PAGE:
Protein – The majority of the protein in this bread comes from the pumpkin seeds and almonds, but the oats also contribute to the total 10g of protein per slice. This amount of protein in a slice of bread is incomparable to other traditional bread, even sprouted whole grain. For more on protein and its function, check out Protein 101: a simple guide to understanding protein.
Healthy Fats – This bread is made up of a variety of nuts and seeds without any extra oils. The mix of nuts and seeds provide a wide variety of healthy fats. Healthy fat sources like nuts and seeds are essential for healthy hair and skin, balancing hormones and slowing down the absorption of food so we can go longer without feeling hungry. Chia and flax are rich in omega-3s which are essential fatty acids. Most individuals aren’t getting enough omega-3s or in the optimal 4:1 ratio of omega-3s to omega-6s. This bread makes it easy to get omega-3s in without having to think about adding them to smoothies or other meals.
Fiber – Fiber means happy digestive system! Fiber plays an important role in stabilizing blood sugar, acting as a pre-biotic which feeds the good bacteria in your gut, and keeping us regular. All the main ingredients in this bread are a good source of fiber, but the main source of fiber in this recipe is psyllium husk.
IF YOU LOVE This vegan nut and seed bread, YOU’LL ALSO ENJOY THESE RECIPES:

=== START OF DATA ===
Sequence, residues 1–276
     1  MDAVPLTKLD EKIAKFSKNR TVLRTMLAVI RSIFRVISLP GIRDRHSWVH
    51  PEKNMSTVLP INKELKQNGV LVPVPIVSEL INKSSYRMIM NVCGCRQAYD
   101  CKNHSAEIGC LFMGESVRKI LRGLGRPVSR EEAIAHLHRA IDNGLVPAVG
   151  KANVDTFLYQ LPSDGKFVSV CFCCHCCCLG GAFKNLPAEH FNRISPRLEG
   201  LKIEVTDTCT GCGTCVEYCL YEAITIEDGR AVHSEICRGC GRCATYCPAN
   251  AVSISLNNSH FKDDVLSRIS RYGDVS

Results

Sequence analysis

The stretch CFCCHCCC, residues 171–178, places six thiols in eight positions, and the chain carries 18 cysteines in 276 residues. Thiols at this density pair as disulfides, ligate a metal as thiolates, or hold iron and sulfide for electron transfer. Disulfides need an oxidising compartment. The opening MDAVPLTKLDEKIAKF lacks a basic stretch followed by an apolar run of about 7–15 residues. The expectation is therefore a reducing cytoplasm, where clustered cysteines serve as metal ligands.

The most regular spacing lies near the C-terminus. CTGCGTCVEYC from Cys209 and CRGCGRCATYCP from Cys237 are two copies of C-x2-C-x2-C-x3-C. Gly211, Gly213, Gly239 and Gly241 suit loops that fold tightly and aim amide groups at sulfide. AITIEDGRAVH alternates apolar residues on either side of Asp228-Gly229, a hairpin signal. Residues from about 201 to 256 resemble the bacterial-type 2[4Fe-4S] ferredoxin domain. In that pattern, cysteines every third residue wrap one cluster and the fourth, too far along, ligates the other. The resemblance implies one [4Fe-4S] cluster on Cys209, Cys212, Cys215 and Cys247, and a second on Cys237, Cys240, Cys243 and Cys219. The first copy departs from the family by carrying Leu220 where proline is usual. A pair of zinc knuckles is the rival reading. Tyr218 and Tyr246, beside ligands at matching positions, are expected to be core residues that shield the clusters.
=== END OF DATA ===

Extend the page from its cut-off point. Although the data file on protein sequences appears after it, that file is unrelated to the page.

- Puffed Rice and Seed Bars
- Vegan Paleo Bread – Green Kitchen Stories
- The Life Changing Loaf of Bread – My New Roots
- Almond Quinoa Pumpkin Seed Bread – Deliciously Ella
- Unbelievable Buckwheat Bread – Wholehearted Eats
Vegan Nut and Seed Bread
A nutrient-dense bread made from a variety of nuts and seeds. I recommend cutting into very thin slices and toasting before serving.
Makes 22 slices
- 2 1/2 cups rolled oats
- 1 cup pumpkin seed
- 3/4 cup almond
- 1/2 cup sunflower seed
- 1/3 cup ground flax seeds
- 1/3 cup psyllium husk
- 3 tablespoons chia seeds
- 1 1/2 teaspoon salt
- 1 tablespoon maple syrup
- 2 1/2 cups filtered water
In a large bowl, add all the dry ingredients – oats, pumpkin seeds, sunflower seeds, almonds, flax, psyllium husk, chia seeds and salt. Mix together to evenly distribute the ingredients. Add the maple syrup (coconut nectar) and water. Stir well until the water is soaked up.
Line an 8×4 loaf pan with parchment paper. Pour the mixture into the pan and use your hands to press the mixture firmly together. Smooth the top and create a slight dome. Cover the dough and let sit at room temperature for at least 2 hours (you can let it sit overnight or up to 24 hours).
To bake, preheat the oven to 350F. Uncover the bread and place in the oven for 1 1/2 hours, or until the bread is dark and toasted. Remove the bread from the oven and let cool for at least 2 hours (don’t skip this part!). The bread needs to be completely cool before slicing.